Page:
It was a beautiful spring morning in Chile. I was on my way to a meeting when I first heard the news. The lady was really excited and I had a tough time understanding exactly what she said. From what I gathered, two twins had been killed in the United States. The picture was intensified upon arrival. One of my American colleagues was a reservist and was about to lose it. The two twins being killed were clarified to be the Twin Towers. I was also told the Pentagon, the White House, and everything living within the U.S. had been bombed as well. The reservist was almost in tears.
Being 8,000 miles away from the United States gave me a slightly different view of what transpired on Sept. 11, 2001. I was in South America, in a country that annually celebrates a U.S. backed coup d’etat that overthrew the democratically elected government of Salvador Allende in 1973. I fondly referred to Sept. 11 as riot day, because riot they do. Living in Chile opened my mind to a different side of American politics that I hadn’t been taught in school. As the day progressed the events of that day became clearer to me. My “patria” had been attacked.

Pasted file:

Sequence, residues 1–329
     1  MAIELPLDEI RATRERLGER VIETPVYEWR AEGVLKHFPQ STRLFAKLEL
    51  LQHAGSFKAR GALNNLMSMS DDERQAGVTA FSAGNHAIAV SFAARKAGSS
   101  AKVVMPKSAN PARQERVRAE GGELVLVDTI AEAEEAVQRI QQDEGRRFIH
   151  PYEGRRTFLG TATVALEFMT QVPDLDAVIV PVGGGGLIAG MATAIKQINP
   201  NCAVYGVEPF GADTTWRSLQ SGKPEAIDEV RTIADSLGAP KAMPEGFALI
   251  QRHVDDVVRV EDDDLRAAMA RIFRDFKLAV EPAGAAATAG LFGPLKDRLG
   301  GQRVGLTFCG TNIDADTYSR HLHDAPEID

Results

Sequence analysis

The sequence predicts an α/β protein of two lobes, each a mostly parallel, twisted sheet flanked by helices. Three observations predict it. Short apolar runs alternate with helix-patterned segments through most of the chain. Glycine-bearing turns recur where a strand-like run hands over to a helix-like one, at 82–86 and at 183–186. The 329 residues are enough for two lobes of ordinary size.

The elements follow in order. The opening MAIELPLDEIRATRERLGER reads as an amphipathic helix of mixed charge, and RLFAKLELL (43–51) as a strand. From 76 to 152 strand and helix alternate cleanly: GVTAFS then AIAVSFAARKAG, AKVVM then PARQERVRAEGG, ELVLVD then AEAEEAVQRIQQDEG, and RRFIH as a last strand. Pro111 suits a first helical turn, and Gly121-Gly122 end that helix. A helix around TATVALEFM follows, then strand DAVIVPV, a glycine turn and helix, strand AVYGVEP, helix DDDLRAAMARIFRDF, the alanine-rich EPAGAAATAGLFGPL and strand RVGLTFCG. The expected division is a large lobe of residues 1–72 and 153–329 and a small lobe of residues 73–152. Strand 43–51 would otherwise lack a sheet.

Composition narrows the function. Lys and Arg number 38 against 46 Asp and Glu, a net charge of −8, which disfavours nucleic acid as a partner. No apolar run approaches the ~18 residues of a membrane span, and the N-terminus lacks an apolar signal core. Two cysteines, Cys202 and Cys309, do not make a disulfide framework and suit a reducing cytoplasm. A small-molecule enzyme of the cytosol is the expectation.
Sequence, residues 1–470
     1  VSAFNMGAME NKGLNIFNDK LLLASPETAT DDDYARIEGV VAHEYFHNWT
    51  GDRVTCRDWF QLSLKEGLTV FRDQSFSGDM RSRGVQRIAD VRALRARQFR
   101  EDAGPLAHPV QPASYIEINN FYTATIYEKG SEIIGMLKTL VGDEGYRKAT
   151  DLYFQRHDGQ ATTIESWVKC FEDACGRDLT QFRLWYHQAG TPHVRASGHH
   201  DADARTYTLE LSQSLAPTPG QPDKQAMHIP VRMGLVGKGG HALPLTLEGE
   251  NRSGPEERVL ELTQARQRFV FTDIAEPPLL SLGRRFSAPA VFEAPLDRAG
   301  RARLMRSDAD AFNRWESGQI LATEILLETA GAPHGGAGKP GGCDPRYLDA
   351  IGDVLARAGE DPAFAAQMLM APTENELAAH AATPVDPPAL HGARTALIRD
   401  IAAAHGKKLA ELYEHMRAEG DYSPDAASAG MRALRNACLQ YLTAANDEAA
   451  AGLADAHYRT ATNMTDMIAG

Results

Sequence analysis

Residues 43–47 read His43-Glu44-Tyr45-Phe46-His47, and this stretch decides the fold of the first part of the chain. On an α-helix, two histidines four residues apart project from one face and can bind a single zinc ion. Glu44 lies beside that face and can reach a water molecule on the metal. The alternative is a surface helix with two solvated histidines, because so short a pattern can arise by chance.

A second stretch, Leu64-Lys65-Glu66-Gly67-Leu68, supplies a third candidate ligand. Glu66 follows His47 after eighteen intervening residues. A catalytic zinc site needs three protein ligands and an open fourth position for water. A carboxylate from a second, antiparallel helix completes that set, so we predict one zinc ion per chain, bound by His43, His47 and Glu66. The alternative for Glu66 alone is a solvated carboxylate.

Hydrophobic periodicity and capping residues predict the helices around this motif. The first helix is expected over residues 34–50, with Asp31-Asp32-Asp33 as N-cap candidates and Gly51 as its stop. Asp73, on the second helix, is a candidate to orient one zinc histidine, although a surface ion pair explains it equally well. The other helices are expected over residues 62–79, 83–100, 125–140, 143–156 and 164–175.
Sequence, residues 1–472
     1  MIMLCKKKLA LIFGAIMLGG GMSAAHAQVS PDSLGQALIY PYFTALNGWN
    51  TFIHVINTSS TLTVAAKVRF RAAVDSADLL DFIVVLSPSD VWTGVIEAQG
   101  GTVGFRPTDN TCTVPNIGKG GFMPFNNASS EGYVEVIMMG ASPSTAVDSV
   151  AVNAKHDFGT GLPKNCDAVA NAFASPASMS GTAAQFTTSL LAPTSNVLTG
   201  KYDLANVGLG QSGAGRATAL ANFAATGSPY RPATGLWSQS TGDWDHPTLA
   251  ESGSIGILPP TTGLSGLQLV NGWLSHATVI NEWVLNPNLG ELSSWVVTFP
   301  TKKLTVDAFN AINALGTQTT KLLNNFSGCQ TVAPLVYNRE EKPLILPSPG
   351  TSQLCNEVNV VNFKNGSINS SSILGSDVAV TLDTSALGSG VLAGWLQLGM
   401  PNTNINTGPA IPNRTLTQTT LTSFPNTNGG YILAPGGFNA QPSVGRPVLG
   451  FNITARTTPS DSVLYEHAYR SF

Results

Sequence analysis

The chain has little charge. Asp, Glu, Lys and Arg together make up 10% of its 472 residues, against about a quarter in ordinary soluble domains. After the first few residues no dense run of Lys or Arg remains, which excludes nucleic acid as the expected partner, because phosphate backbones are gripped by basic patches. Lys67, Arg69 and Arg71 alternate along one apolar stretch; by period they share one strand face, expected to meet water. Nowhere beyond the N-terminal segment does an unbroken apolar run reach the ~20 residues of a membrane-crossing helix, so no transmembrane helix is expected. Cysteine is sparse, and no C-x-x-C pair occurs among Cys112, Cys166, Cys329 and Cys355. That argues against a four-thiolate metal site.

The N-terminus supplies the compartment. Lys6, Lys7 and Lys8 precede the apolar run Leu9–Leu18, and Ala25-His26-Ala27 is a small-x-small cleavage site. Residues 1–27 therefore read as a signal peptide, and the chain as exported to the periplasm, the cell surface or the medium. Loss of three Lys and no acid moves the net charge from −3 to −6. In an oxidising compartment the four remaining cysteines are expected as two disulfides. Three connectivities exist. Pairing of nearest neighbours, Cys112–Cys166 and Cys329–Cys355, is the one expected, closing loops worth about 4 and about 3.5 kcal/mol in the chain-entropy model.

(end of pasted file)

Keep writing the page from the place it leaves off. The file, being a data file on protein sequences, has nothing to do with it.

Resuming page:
After watching the towers fall time after time, I began to wonder what was to be done. I have always been a bit of a catastrophist and things of this nature have been permanent residents in the emptiness of my head. I knew what was going to be done, but I also knew what should be done.
I knew the President of the United States would stand in front of the press and give a speech. I knew vengeance would be called for and would be promised to the American people. I considered it a given that the U.S. would soon be invading foreign shores in search of those responsible. The speech would be what most wanted and what was expected, for we are the United States of America.
The “should be done” list reads a bit differently. The president should have stood in front of journalists and announce to the world the country’s resolve to withstand terrorism and defeat it on every continent. He should have proceeded to declare to the world our intention to outstretch our hands to those who hate, in hopes that they would learn. “Our strength,” he should have argued, “lies not in weapons or armies, but within our ability to peacefully maintain our way of life.” The American people should have applauded when he said, “We will not kill to prove killing is wrong. We, the people of this great democracy, will stand up to terrorism by spreading peace and knowledge to every inch of the globe, until it has penetrated every country and made the terrorists afraid to preach their hatred.” He could then declare, “We are the United States of America.”
My compatriots we as a nation failed that day. We resolved not to spread peace but to continue to wage war, to fight terror with terror. We decided to kill to prove killing is wrong. We are no different than those who made the plans, and stated the orders. We chose to kill.